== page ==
The pioneering work of Margaret Higgins Sanger (1884-1966), American crusader for scientific contraception, family planning, and population control, made her a world-renowned figure.
Margaret Higgins was born on Sept. 14, 1884, in Corning, N.Y. Her father was a thoroughgoing freethinker. Her mother was a devout Roman Catholic who had eleven children before dying of tuberculosis. Although Margaret was greatly influenced by her father, her mother's death left her with a deep sense of dissatisfaction concerning her own and society's medical ignorance. After graduating from the local high school and from Claverack College at Hudson, N.Y., she took nurse's training. She moved to New York City and served in the poverty-stricken slums of its East Side. In 1902 she married William Sanger. Although plagued by tuberculosis, she had her first child, a son, the next year. She had another son by Sanger, as well as a daughter who died in childhood.
Margaret Sanger's experiences with slum mothers who begged for information about how to avoid more pregnancies transformed her into a social radical. She joined the Socialist party, began attending radical rallies, and read everything she could about birth control practices. She became convinced that oversized families were the basic cause of poverty. In 1913 she began publishing a monthly newspaper, the Woman Rebel, in which she passionately urged family limitation and first used the term "birth control." After only six issues, she was arrested and indicted for distributing "obscene" literature through the mails. She fled to Europe, where she continued her birth control studies, visiting clinics and talking with medical researchers.
Sanger returned to the United States in 1916 and, after dismissal of the indictment against her, began nationwide lecturing. In New York City she and her associates opened a birth control clinic in a slum area to give out contraceptive information and materials. This time she was arrested under state law. She spent a month in prison, as did her sister. Leaving prison in 1917, Sanger intensified her activities, lecturing, raising money from a group of wealthy patrons in New York, and launching the Birth Control Review, which became the organ of her movement for 23 years. Encouraged by a state court decision that liberalized New York's anti contraceptive statute, she shifted her movement's emphasis from direct action and open resistance to efforts to secure more permissive state and Federal laws. Although regularly in trouble with New York City authorities, she continued lecturing to large crowds and keeping in touch with European contraceptive research. Her brilliantly successful visit to Japan in 1922 was the first of several Asian trips. A year later she and her friends opened clinical research bureaus to gather medical histories and dispense birth control information in New York City and Chicago. By 1930 there were 55 clinics across the United States. Meanwhile Sanger obtained a divorce and married J. Noah H. Slee.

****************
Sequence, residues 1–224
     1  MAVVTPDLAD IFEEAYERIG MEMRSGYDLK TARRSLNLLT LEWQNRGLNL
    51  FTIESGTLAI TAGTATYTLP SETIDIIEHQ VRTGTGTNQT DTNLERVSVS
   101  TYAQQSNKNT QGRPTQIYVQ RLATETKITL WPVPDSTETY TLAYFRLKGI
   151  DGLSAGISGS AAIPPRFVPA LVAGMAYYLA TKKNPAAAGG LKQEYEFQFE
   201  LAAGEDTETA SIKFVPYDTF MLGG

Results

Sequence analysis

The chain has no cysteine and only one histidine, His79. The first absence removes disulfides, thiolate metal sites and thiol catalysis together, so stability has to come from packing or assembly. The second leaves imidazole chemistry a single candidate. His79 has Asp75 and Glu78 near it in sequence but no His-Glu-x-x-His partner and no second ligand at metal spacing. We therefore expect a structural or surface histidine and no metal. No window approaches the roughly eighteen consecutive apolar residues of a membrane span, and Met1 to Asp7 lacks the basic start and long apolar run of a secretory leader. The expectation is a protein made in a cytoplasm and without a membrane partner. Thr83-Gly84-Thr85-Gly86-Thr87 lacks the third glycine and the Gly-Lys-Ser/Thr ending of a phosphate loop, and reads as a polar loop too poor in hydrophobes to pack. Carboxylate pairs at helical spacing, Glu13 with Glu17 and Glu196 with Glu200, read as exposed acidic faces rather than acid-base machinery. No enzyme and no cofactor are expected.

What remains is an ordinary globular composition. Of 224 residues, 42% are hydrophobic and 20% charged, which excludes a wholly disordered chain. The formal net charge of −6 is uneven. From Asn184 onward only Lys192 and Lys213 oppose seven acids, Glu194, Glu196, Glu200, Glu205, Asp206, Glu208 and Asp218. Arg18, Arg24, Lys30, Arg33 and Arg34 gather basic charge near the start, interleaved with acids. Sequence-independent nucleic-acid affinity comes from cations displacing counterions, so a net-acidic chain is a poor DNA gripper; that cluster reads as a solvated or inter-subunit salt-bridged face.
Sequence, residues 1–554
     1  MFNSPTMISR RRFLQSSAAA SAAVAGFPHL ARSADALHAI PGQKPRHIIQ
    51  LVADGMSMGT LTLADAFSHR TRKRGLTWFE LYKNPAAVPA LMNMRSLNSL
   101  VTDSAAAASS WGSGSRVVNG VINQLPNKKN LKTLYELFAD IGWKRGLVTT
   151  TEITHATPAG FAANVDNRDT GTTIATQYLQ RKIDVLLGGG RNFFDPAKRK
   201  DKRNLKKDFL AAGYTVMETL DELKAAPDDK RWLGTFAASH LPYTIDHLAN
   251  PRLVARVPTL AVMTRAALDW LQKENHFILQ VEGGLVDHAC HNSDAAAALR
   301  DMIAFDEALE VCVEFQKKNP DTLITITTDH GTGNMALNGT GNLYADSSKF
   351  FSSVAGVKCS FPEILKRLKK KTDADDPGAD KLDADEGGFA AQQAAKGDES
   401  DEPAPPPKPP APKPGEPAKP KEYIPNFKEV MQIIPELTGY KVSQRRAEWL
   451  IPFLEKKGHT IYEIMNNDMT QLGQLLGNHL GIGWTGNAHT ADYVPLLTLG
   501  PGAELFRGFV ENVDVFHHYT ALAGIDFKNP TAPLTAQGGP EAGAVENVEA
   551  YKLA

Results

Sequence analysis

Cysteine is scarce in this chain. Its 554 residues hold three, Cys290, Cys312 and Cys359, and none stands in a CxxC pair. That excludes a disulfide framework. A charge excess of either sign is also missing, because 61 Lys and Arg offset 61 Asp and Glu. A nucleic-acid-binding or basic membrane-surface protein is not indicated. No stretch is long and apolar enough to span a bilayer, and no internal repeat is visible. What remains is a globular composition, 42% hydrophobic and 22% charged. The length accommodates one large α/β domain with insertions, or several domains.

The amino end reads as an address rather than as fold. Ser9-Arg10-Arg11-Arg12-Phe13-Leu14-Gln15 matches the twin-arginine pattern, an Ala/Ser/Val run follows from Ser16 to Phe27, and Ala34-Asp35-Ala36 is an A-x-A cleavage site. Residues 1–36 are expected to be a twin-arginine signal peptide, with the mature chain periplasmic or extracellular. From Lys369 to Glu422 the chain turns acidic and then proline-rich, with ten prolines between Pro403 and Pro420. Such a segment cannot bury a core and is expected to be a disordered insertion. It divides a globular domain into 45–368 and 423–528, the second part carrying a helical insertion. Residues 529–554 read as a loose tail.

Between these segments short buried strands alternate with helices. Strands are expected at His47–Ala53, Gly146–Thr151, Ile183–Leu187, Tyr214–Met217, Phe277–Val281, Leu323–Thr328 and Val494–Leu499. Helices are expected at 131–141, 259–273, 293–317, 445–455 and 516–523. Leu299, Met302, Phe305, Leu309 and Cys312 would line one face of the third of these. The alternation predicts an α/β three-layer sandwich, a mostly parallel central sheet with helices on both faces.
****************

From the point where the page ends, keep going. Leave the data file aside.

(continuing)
Margaret Sanger's fame became worldwide in 1927, when she helped organize and spoke before the first World Population Conference at Geneva, Switzerland. She and her follower continued to lobby for freer state and Federal laws on contraception and for the dissemination of birth control knowledge through welfare programs. By 1940 the American birth control movement was operating a thriving clinic program and enjoying general acceptance by the medical profession and an increasingly favorable public attitude.
For most Americans, Margaret Sanger was the birth control movement. During World War II her popularity continued to grow, despite her opposition to United States participation in the war based on her conviction that wars were the result of excess national population growth. In 1946 she helped found the International Planned Parenthood Federation. This was one of her last great moments. She was troubled by a weak heart during her last 20 years, although she continued traveling, lecturing, and issuing frequent statements. She died in Tucson, Ariz., on Sept. 6, 1966.
Margaret Sanger: An Autobiography (1938) incorporates much of Sanger's earlier My Fight for Birth Control (1931). The most recent biography is Emily Taft Douglas, Margaret Sanger (1969), a carefully researched and sympathetic account. See also Lawrence Lader, The Margaret Sanger Story and the Fight for Birth Control (1955). David M. Kennedy, Birth Control in America: The Career of Margaret Sanger (1970), focuses on her public career and examines the whole controversy over birth control. Less solid but of possible interest is the fictionalized biography by Noel B. Gerson, The Crusader (1969). Brief treatments of her are in Mary R. Beard, Woman as a Force in History (1946); Mark H. Haller, Eugenics: Hereditarian Attitudes in American Thought (1963); and Donald K. Pickens, Eugenics and the Progressives (1968).